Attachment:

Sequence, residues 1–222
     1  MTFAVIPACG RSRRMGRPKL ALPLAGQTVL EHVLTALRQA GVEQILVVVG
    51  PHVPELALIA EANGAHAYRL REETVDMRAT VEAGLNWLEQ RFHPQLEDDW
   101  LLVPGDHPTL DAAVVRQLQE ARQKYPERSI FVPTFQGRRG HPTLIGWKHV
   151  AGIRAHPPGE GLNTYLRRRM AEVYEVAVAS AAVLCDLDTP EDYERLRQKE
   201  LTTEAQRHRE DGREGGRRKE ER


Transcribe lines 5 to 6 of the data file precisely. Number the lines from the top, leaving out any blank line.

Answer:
   151  AGIRAHPPGE GLNTYLRRRM AEVYEVAVAS AAVLCDLDTP EDYERLRQKE
   201  LTTEAQRHRE DGREGGRRKE ER